December 3, 1999 |
As Bill Bradley and Al Gore kept up their firefight Thursday over the best approach to expanding health care coverage, Bradley showed some uncharacteristic heat that may have won him a few converts among African American Democratic politicians. Shedding his usual laconic reserve, a tight-voiced Bradley stoked emotion in an audience of 300 black state legislators by telling them that the racial divide separating Americans remains a critical challenge facing the next president.
November 11, 1993 |
Ross Perot vs. Vice President Al Gore: The not-so-great, great debate in NAFTA-fying detail. Early public-opinion polls favored Gore, and so did much of the post-debate analysis, a fact likely to bring new claims from Perot that the major media are conspiring to undermine him, and by extension the interests of the entire nation.
November 12, 2001 |
If the U.S. Supreme Court had allowed Florida's courts to finish their abortive recount of last year's deadlocked presidential election, President Bush probably still would have won by several hundred votes, a comprehensive study of the uncounted ballots has found.
December 16, 1999 |
Vice President Al Gore's physicians declared him to be in "outstanding overall health" Wednesday, but Gore's medical records also revealed that he has "mildly elevated" cholesterol levels and a list of mostly sports-related aches and pains. Gore's medical records, released by his office here, also show that the vice president had a common form of skin cancer removed from his forehead in 1997.
August 7, 2000 |
Vice President Al Gore neared a decision on his running mate Sunday as he held a closed-door meeting with his closest advisors to discuss the matter. Gore convened the high-level session in a hotel suite immediately upon arriving here late Sunday afternoon following a flight from Long Island, N.Y.
June 3, 2000 |
Al Gore on Friday proposed a new system to encourage absent fathers to make child support payments to welfare mothers, releasing the latest installment of what he calls his "family agenda." Gore's plan would set up "personal responsibility" escrow accounts to hold most child support money from up to 2 million parents who make such payments, mostly fathers. Parents with child custody could collect the money only after they leave welfare.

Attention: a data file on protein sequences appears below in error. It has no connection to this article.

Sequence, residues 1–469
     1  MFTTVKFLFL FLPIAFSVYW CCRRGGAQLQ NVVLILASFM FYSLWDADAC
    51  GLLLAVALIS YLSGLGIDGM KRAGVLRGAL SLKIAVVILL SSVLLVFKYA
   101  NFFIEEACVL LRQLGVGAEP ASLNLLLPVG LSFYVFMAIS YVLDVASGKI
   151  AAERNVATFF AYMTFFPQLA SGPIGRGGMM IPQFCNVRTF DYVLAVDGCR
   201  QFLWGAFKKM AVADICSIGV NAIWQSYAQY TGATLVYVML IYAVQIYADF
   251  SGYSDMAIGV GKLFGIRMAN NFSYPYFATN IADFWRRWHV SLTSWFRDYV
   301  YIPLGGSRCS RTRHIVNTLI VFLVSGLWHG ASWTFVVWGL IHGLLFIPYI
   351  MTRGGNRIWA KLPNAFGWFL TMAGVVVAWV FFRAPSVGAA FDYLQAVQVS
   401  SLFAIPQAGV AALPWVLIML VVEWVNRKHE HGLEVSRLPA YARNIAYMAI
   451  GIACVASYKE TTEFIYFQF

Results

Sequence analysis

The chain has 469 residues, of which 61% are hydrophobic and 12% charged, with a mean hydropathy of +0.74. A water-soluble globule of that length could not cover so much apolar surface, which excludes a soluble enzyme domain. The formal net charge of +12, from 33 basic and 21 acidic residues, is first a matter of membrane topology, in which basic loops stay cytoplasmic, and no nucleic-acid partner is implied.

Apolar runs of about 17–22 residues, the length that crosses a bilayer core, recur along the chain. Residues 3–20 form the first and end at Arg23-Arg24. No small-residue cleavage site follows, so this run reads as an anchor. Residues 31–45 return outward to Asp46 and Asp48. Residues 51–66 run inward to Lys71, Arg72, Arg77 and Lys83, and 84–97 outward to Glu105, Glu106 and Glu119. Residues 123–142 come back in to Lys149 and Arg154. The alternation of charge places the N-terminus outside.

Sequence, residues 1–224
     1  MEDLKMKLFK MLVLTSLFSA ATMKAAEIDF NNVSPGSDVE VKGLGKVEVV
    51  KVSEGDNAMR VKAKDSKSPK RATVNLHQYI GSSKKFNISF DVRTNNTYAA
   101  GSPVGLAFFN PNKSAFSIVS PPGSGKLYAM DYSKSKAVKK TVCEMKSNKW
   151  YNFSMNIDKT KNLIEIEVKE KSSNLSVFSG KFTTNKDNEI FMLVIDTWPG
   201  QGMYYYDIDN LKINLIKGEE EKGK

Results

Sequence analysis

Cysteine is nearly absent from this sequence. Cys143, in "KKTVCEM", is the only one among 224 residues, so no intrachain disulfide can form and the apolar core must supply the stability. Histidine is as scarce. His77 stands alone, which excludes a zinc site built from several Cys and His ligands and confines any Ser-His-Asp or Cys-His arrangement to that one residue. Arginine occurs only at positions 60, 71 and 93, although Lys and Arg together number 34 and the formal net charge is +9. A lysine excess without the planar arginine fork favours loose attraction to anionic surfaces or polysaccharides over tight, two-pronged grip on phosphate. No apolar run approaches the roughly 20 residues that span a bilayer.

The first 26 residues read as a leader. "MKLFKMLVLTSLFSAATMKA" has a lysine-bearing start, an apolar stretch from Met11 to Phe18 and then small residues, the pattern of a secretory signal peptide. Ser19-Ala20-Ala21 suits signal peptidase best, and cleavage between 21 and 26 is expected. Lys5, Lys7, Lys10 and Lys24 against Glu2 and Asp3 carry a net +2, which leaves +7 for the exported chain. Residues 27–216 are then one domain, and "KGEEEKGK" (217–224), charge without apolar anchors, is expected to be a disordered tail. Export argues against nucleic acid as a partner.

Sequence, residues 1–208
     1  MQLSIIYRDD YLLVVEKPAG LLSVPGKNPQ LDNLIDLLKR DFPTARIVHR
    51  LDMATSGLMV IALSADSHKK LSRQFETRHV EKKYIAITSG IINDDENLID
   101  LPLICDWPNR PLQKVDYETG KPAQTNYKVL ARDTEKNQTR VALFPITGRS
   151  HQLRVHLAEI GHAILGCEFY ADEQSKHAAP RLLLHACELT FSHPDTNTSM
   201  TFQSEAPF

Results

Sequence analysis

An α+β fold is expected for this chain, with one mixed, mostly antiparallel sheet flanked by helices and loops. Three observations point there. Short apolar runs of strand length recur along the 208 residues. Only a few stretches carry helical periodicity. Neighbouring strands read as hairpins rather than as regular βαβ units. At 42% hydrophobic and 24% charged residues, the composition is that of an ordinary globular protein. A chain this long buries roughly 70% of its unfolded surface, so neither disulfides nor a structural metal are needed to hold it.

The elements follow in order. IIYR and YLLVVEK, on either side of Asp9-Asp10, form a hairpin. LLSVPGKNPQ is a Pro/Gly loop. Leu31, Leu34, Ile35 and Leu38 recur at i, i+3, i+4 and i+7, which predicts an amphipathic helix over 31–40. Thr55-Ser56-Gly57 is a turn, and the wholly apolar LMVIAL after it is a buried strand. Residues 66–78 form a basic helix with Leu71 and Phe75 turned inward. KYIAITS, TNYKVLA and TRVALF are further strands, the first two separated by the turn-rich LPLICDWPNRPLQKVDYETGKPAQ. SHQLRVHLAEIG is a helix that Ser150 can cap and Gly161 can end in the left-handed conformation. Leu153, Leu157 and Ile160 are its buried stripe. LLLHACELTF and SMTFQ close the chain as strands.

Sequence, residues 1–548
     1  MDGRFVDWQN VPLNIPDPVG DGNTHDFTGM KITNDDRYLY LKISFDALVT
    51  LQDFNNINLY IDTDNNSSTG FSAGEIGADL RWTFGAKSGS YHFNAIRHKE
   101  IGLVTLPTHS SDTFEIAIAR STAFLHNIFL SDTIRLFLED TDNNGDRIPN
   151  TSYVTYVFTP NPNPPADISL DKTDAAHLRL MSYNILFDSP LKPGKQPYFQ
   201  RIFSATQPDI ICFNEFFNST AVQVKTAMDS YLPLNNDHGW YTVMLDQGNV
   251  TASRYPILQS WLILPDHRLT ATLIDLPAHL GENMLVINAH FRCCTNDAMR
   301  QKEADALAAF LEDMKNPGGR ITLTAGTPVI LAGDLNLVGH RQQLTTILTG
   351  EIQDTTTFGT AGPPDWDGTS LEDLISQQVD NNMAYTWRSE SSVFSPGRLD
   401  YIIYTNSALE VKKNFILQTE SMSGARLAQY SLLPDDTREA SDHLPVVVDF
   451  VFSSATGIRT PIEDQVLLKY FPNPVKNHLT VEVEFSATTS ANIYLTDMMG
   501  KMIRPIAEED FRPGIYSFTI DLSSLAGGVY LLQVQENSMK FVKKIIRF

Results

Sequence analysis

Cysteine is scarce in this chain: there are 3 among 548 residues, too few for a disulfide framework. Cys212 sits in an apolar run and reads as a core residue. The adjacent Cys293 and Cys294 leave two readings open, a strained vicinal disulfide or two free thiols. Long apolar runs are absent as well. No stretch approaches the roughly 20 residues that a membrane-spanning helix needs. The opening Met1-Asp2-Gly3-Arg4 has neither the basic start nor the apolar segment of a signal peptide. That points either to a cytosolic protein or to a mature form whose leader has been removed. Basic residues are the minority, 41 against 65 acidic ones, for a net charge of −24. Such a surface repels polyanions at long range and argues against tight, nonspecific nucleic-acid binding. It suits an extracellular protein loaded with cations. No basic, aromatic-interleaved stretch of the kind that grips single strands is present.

September 10, 1996 |
It was on a steamy airport tarmac in Savannah, Ga., that Vice President Al Gore displayed two faces of his quest to reelect President Clinton. "Sen. Bob Dole is a good and decent man," Gore said politely of the Republican nominee for president. But in a moment he was bashing the "Dole-Gingrich Congress," charging Republicans with a scary-sounding litany of planned offenses and revving up the sweaty crowd with the climactic vow: "But we won't let them!" At a campaign forum in Lancaster, Pa.
December 10, 1996 |
On a rainy Saturday evening in South Florida last December, Vice President Al Gore dropped by the Spanish-style residence of a Democratic lawyer for a dinner reception with about 60 affluent guests. If ever there was a time when visitors needed to wear name tags, this was it. Indeed, as Gore pumped hands and posed for photos by the pool, here's how some of the tags might have read: Mr. Jorge "Gordito" Cabrera, drug trafficker. Dr. Joseph Douze, fugitive. Dr. Claude Douze, loan deadbeat. Mr.
January 30, 2000 |
His record on abortion rights under continuous assault, Vice President Al Gore acknowledged Saturday that he has changed his views on the polarizing subject since the 1980s, when he described abortion as "arguably the taking of a human life" and favored limits on federal payments to cover the costs of abortions for poor women.
February 5, 1994 |
Vice President Al Gore and several Cabinet members Friday announced an initiative to fight violent crime in public housing and to curb corruption in administering federally assisted low-income housing projects. Gore said the program, called Operation Safe Home, displayed "absolutely extraordinary, I believe unprecedented" cooperation among agencies whose relations, particularly in law enforcement, frequently are marked by friction and mistrust. Henry G.